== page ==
SummaryDementia currently affects over 750,000 people in the UK, with 650,000 new cases arising each year across the European Union. Alzheimer’s disease is the major cause of dementia and accounts for about 55% of all cases. It is a progressive, degenerative disease which affects memory, judgement, orientation, behaviour and language skills, and can place an enormous stress on family caregivers, 49% of whom are over 70 years of age.
Dementia currently affects over 750,000 people in the UK, with 650,000 new cases arising each year across the European Union. Alzheimer’s disease is the major cause of dementia and accounts for about 55% of all cases. It is a progressive, degenerative disease which affects memory, judgement, orientation, behaviour and language skills, and can place an enormous stress on family caregivers, 49% of whom are over 70 years of age. Alzheimer’s disease is an expensive disease, not only in terms of personal and family resources, but also with regard to direct costs, which are estimated at about £6 billion a year, 75% of which is for patients with more severe dementia.
Attitudes to Alzheimer’s disease and its treatment shifted in 1997 with the introduction of the first cholinesterase inhibitor for mild-to-moderate Alzheimer’s disease, followed by the licensing of memantine for moderate-to-severe disease in 2002. In 2001, guidance from the National Institute for Clinical Excellence (NICE) recommended the use of cholinesterase inhibitors for mild-to-moderate disease. However, NICE also conered that improvements with cholinesterase inhibitors were only modest and recommended that once initial benefit had been lost treatment should be withdrawn, as treatment continuation was not proven to be cost-effective. This guidance is currently under review and will include memantine for the first time.
Despite the generally positive guidance from NICE, many health authorities were reluctant to provide funding for treatment leading to very variable uptake of cholinesterase inhibitors across the country. However, many areas developed memory clinics in secondary care using shared-care guidelines with GPs monitoring their usage. Memory clinic audits show that 60% of patients appeared to achieve response to treatment, but it also became apparent that simple cognitive tests like the Mini-Mental State Examination (MMSE) do not really capture the improvements observed in attention, behaviour, language, apathy, hallucinations, improved function and mood. The Audit Commission’s report Forget Me Not published in 2000, showed that about half of all GPs felt ill-equipped to make a diagnosis of Alzheimer’s disease or had the time to use cognitive scales. However, the kind of holistic assessment that is so important to determine response is exactly what GPs are skilled at performing.
All Primary Care Trusts (PCTs) should now have protocols in place that are agreed with their local specialist services to diagnose, care and treat people with dementia. There is also a growing realisation that monitoring of dementia treatment, if not diagnosis, could be managed in primary care. Memory clinics have provided a great service to patients with Alzheimer’s disease in providing a clear diagnosis, access to services and a validation of the patients’ symptoms. In the future though it seems likely that more GPs, either those taking a special interest or those working in association with specialist memory nurses, will be making the decision to treat and monitor patients in order to free-up specialist memory clinics to diagnose more difficult early cases and to advise on the management of behavioural problems as patients deteriorate. There is evidence that memantine may have an impact on behavioural symptoms in the later stages of the disease, either alone or in combination with the cholinesterase inhibitors, which will help to improve the quality of life of both the patient and their carer whilst we wait for further treatments to emerge.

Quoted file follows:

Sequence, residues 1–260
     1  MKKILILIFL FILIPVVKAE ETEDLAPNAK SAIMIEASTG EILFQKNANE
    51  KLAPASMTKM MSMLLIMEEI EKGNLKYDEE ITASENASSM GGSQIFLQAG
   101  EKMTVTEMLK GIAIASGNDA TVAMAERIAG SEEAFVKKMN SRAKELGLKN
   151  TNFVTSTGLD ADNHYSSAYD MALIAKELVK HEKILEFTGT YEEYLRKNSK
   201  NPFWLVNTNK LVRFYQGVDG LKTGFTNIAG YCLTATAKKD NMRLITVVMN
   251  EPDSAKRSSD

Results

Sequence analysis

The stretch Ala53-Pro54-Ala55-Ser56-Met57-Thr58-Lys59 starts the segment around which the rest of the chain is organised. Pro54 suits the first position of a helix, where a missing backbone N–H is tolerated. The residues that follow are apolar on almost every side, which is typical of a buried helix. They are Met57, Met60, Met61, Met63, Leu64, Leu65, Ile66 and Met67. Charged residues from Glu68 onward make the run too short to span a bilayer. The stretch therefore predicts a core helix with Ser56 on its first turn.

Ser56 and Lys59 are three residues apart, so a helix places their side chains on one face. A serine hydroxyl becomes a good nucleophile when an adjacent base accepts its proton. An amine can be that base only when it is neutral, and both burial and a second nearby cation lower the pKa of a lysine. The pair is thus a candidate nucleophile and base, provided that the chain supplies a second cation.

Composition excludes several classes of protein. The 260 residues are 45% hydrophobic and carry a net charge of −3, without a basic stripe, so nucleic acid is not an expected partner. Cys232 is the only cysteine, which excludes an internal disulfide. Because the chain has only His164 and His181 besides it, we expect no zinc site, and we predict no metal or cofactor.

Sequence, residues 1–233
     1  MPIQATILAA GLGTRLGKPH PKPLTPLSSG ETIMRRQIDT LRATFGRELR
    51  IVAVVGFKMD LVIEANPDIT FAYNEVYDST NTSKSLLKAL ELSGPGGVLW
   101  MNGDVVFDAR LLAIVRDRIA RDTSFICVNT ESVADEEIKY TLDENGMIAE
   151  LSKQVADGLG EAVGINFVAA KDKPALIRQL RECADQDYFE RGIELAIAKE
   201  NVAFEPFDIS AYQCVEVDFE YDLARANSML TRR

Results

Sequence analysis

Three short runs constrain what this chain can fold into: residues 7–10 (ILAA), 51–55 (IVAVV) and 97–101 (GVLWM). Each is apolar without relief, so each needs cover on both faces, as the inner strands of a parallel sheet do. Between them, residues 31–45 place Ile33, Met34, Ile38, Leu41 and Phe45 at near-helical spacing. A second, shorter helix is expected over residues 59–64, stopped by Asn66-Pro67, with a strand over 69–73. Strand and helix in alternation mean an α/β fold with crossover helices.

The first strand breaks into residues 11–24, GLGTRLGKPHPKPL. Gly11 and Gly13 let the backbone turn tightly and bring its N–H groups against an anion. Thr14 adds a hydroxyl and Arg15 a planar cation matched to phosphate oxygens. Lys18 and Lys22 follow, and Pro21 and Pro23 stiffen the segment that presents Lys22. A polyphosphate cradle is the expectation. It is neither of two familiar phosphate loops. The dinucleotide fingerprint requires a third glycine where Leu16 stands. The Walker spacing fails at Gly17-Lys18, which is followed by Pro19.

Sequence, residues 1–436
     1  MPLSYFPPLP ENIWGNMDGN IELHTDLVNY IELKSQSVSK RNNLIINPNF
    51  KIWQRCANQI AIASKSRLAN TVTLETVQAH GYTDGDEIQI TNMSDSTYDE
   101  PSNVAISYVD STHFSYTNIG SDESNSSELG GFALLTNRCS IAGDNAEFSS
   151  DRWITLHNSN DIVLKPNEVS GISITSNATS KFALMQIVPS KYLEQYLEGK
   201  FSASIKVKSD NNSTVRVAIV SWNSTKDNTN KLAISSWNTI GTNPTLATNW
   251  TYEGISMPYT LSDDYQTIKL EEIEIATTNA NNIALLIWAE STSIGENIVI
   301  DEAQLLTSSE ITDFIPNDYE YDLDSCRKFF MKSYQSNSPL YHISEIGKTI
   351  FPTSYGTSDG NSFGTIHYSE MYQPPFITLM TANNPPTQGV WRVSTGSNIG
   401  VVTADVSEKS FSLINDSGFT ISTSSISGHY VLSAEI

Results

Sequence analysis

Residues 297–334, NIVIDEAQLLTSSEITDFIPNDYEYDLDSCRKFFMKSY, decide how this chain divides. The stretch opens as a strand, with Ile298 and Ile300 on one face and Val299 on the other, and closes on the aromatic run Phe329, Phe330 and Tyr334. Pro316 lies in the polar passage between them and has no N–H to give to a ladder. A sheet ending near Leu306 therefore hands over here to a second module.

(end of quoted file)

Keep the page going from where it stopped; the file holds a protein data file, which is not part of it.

Future prospects for treatment are promising. Early results from studies using an anti-amyloid vaccine were disappointing but have led to studies with monoclonal antibodies and conjugated vaccines that may yet bear fruit. A number of drugs aimed at clearing amyloid or preventing its abnormal accumulation are in development, as are drugs which target the inflammatory reactions and oxidative stress that amyloid produces. Another pathological hallmark of Alzheimer’s disease – neurofibrillary tangles – contain an abnormally phosphorylated tau protein which is also being targeted. Therefore, it seems that in another 10 years we may see some significant breakthroughs in the treatment of Alzheimer’s disease. As well as pharmacotherapy, we now know that many risk factors can be modified by lifestyle changes. Smoking cessation, reducing elevated cholesterol, controlling cardiovascular disease, diabetes and stroke, increasing exercise and introducing antioxidants in our diet could mean the future for our ageing population may not be as black as it is painted.
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This Editorial has been written by the specialist opinion leader, Dr David Wilkinson
Consultant in Old Age Psychiatry Memory Assessment and Research Centre
Moorgreen Hospital, Southampton and published in the latest issue of the serial publication, Drugs in Context.
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